Monday, September 22, 2008

Cosmic Ray


Damien Hirst’s Beautiful, cataclysmic pink minty shifting horizon exploding star with ghostly presence, wide, broad painting (2004) and Charles Ray’s Rotating Circle (1988). A large collection of Hirst’s work is currently on display at the Los Angeles County Museum of Art. Ray’s work is currently on view at the Geffen Contemporary at MOCA.

Both Damien Hirst and Charles Ray could be said to belong to what Richard Serra calls post-Pop Surrealism. Jeff Koons and Takashi Murakami might be this not-a-movement’s most famous sons, but Hirst must rank pretty high on that list as well. After all, the New York Times even covers his auctions.

A recent statement about another work by Hirst might apply to much of what has filled museums and galleries for the last thirty years. Describing For the Love of God, Hirst’s diamond covered, platinum cast death’s head, Roberta Smith writes, “It seems like the perfect summation of our wasteful, high-priced, oblivious moment, an implicitly regal 21st-century equivalent of Cellini’s gold saltcellar.”

That archaeological bloggers have linked it to jewel-encrusted skulls of the past seems fitting. Clearly, For the Love of God is meant for royalty, announcing that our current disparity in wealth is akin to despotic kingdoms of days gone by. James Benning has said that the role of the artist is to pay attention and report well and one way of looking at Hirst’s one-hundred million dollar vanitas is as a report on what he has observed.

But another work by Damien Hirst, Beautiful, cataclysmic pink minty shifting horizon exploding star with ghostly presence, wide, broad painting (2004), can send your mind reeling in a different way. Perhaps the first thing Hirst’s canvas calls to mind is Spin Art; the fact that the canvas itself rotates would seem to be redundant, but upon closer inspection the rotation ceases to be a gimmick and becomes the dominant factor in the viewing experience. The scale is enormous--12 feet in diameter--large enough to fill your peripheral vision. The day-glo landscape before your eyes is moving just fast enough so that you cannot focus on anything for very long. As in Pollock, there is an essential displacement of horizontal to vertical: gravity itself has been recontextualized. Also as in Pollock, the painting moves. But the movement of Autumn Rhythm is only the movement of the painting in your perception. Hirst’s painting actually has RPMs. It is difficult to stand and stare at it, to say the least. “Not unpleasantly nauseating” gets a little closer.

Perhaps the only thing Charles Ray’s Rotating Circle shares with Hirst’s mammoth explosion of color is that it spins. Hirst’s painting is unmissable; like a carnival, it serves as an advertisement for itself--the bright lights are the ride. Ray’s work, on the other hand, is often heard before it seen, if it is seen at all. Looking for the source of a low, humming sound--a child once described it as the noise a refrigerator makes--you find a circle on the wall. Closer inspection reveals that the circle is not on the wall but in the wall: a perfectly circular cut. Intrigued, but perplexed, you take the time to find the wall tag. Upon learning that the name of this piece is Rotating Circle, you stare at it intently trying to discern whether or not it is in fact rotating.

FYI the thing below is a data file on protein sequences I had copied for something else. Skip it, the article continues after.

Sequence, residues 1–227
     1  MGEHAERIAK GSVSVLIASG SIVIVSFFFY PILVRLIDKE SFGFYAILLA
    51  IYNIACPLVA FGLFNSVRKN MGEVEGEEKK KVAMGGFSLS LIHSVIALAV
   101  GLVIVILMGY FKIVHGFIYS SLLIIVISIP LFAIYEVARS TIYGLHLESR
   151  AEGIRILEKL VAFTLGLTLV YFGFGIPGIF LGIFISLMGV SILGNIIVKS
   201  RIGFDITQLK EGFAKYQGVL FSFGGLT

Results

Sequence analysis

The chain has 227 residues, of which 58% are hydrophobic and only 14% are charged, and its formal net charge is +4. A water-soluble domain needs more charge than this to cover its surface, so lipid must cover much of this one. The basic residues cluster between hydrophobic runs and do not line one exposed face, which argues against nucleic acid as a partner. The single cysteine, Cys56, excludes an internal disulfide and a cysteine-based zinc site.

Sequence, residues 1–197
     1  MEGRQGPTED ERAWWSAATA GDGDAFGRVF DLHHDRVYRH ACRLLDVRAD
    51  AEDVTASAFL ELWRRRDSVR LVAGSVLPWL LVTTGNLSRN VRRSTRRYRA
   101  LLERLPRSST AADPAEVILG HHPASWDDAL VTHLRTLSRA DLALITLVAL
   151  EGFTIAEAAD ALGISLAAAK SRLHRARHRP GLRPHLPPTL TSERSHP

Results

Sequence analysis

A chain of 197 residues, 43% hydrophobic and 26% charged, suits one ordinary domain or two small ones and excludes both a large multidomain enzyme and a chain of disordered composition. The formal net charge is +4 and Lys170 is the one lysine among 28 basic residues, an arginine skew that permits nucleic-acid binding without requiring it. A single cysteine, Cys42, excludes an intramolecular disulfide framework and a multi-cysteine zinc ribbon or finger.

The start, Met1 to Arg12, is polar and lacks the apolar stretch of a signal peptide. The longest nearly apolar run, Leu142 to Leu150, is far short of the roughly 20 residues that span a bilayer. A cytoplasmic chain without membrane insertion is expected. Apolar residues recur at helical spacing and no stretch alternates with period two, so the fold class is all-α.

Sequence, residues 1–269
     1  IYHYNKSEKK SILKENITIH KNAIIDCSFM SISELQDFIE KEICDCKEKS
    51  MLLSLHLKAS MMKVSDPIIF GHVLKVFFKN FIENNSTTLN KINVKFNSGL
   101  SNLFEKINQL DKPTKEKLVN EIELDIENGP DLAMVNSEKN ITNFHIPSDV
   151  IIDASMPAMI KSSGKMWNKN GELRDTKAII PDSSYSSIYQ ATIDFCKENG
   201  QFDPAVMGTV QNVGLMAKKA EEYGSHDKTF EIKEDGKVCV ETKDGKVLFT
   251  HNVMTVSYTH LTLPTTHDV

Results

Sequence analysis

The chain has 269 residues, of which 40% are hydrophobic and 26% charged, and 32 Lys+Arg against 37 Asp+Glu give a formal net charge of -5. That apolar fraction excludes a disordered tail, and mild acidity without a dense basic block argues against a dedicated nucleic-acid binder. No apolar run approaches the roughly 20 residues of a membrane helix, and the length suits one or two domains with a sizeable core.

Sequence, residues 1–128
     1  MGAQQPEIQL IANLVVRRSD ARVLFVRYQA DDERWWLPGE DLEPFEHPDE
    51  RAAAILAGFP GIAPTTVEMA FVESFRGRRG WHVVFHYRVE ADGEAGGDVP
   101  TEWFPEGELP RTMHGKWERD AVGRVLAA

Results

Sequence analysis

Stare. Stare. Listen. Stare. There are no more clues. Is the sound entirely disconnected? Is the whole thing a brilliant trick? Maybe you notice that the wall inside the circular cut is impossibly smooth, identical with the drywall around it, yet somehow more perfect. At this point, staring, wondering, fixating on a circle and listening to a drone, you have essentially entered La Monte Young territory. In a neat trick, Ray’s cultivated irony has spawned a transcendent experience. Ray denies any connections to Zen, and rightly so: the work has much more in common with the transitional phase between minimalism and conceptual art--Michael Asher’s heat-molded Plexiglas pieces, for instance--than the enso. Like Asher’s pieces, Ray’s raises questions of perception at the same time that it challenges the boundaries between art and the wall and, by extension, art and the world.

Rotating Circle, roughly the size and height of the artist’s head, is human scale. Its content is perception. It is attractive the way that a puzzle is attractive, but it is also utterly banal--you are quite literally staring at a wall. Spinning at several hundred RPMs, however, it has undergone a fundamental, if subtle displacement that makes it both witty and profound. Casually eschewing the heady associations and over-seriousness of minimalism at the same time that it sidesteps the slick irony of the art-market eighties, Ray’s piece surpasses mere cleverness to provide us with an object (or an experience) that helps us reflect on the very nature of perception.

Posted by Madison Brookshire